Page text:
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RODEO, CA - AUGUST 19: A construction worker works on the framing of a new home August 19, 2003 in Rodeo, California. New home construction jumped in July to its highest level in 17 years as the hot housing market showed no signs of slowing despite the fact that mortgage rates have risen more than a percentage point over the same period. (Photo by Justin Sullivan/Getty Images)

Have you ever wondered what cities spend the most on construction? In the aftermath of the COVID-19 pandemic, America’s housing boom has surged to new heights thanks to a combination of factors that homebuyers haven’t experienced since before the housing bubble more than a dozen years ago. To begin with, the fall of 2020 saw the nation’s housing supply hit one of its lowest levels on record since 1963. The severe lack of housing combined with increased demand pushed new home construction to highs not seen in the past 15 years.

Additionally, supply chain disruptions from COVID-19 lockdowns caused lumber prices to rise more than 500% in a single year. Which has helped push total residential construction spending to its own record high of more than $760 billion (seasonally adjusted annual rate).

 

 

Residential construction is booming nationally, but surprisingly just seven states account for more than half the value of all building permits approved in 2020. Texas led the way with about $43 billion in building permit value last year, followed by Florida ($37 billion), California ($25 billion), North Carolina ($16 billion), and Arizona ($14 billion). Georgia and Colorado were the only other states to clear the $10 billion threshold.

The fact that both Texas and Florida outspent California—demonstrates the fact that housing growth is shifting to lower-cost destinations in the South.

 

 

The flood of money into new housing has been a boom for construction companies across the country. However, a combination of spending and labor force differences means there has been far more construction activity per worker in certain parts of the country. Several Southeastern and Mountain states reported roughly two times as much new residential spending per construction worker compared to the national average of $51,738 in 2020.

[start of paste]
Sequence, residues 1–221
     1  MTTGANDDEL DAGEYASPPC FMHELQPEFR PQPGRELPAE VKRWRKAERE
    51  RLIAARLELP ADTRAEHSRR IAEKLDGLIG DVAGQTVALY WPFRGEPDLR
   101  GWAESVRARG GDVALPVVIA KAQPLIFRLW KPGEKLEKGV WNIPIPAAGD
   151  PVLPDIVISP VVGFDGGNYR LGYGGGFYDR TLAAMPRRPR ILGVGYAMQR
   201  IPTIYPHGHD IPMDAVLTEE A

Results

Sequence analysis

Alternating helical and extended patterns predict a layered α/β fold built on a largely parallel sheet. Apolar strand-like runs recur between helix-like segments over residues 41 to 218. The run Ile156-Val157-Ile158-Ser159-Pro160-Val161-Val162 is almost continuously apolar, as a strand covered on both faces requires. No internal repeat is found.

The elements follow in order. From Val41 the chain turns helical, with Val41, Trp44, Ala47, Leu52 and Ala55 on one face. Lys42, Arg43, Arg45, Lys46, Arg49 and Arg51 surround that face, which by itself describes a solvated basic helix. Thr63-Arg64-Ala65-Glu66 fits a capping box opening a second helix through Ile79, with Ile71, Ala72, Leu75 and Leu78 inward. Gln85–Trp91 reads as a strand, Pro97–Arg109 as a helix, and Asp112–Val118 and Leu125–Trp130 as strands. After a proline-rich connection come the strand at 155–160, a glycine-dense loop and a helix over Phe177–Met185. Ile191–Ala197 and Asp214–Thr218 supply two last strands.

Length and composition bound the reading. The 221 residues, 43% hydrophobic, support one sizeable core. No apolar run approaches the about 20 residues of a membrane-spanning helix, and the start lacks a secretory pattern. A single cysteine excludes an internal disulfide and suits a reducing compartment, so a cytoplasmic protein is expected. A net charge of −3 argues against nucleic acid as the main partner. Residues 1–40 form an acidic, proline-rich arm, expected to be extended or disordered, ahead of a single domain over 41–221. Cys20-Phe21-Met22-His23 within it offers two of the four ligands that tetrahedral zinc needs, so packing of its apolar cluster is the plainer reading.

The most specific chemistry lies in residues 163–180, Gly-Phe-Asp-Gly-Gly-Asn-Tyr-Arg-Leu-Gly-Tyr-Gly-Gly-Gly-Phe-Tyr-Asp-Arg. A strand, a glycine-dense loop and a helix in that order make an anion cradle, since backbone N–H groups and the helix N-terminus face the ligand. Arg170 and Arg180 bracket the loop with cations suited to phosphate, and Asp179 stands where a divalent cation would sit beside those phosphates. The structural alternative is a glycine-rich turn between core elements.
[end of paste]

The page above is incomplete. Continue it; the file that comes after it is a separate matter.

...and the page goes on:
New residential spending in South Carolina and Arizona topped $100,000 per worker, while Tennessee, North Carolina, Idaho, and Florida came in around $90,000. Meanwhile, spending was lowest per worker in and around the Mid-Atlantic Region, where West Virginia claimed just $14,367 and Rhode Island, New York, Connecticut, and Pennsylvania each reported less than $24,000 per construction worker.

 

To rank individual metropolitan areas on their annual new residential construction spending per construction worker, researchers at Construction Coverage divided the value of building permits authorized in 2020, taken from the U.S. Census Bureau’s Building Permits Survey, by the number of construction workers employed there, according to the Bureau of Labor Statistics. Researchers also included statistics on construction employment and wages in each location.

Here are the large cities that spend the most on new home construction per construction worker: Raleigh did top Charlotte on this list but we still made the top 5!

 

Metro

Rank

New residential construction spending per construction worker

New residential construction spending

Total construction workers

Relative concentration of construction workers

Median annual wage for construction workers

Austin-Round Rock-Georgetown, TX

1

$160,551

$7,147,718,000

44,520

-1%

$53,050

Nashville-Davidson–Murfreesboro–Franklin, TN

2

$150,372

$5,183,315,000

34,470

-16%

$52,660

Raleigh-Cary, NC

3

$122,805

$3,460,650,000

28,180

+6%

$54,810

Phoenix-Mesa-Chandler, AZ

4

$104,360

$10,815,836,000

103,640

+15%

$59,560

Charlotte-Concord-Gastonia, NC-SC

5

$101,366

$5,633,895,000

55,580

+7%

$52,650

Jacksonville, FL

6

$96,043

$3,262,575,000

33,970

+16%

$48,930

Orlando-Kissimmee-Sanford, FL

7

$94,078

$5,478,188,000

58,230

+14%

$50,860

Dallas-Fort Worth-Arlington, TX

8

$90,848

$13,053,058,000

143,680

-6%

$52,740

Tucson, AZ

9

$89,500

$1,394,415,000

15,580

-1%

$52,320

Tampa-St. Petersburg-Clearwater, FL

10

$88,532

$5,299,528,000

59,860

+8%

$50,020

Atlanta-Sandy Springs-Alpharetta, GA

11

$88,236

$7,156,853,000

81,110

-28%

$58,280

Minneapolis-St. Paul-Bloomington, MN-WI

12

$77,508

$4,962,093,000

64,020

-19%

$82,140

San Antonio-New Braunfels, TX

13

$73,577

$3,123,325,000

42,450

-1%

$51,840

Houston-The Woodlands-Sugar Land, TX

14

$72,476

$12,702,945,000

175,270

+38%

$58,510

Columbus, OH

15

$69,610

$2,226,124,000

31,980

-27%

$64,190

United States

$51,738

$307,209,904,000

5,937,830

N/A

$48,610

For more information, a detailed methodology, and complete results, you can find the original report on Construction Coverage’s website: https://constructioncoverage.com/research/cities-spending-most-on-construction-per-construction-worker-2021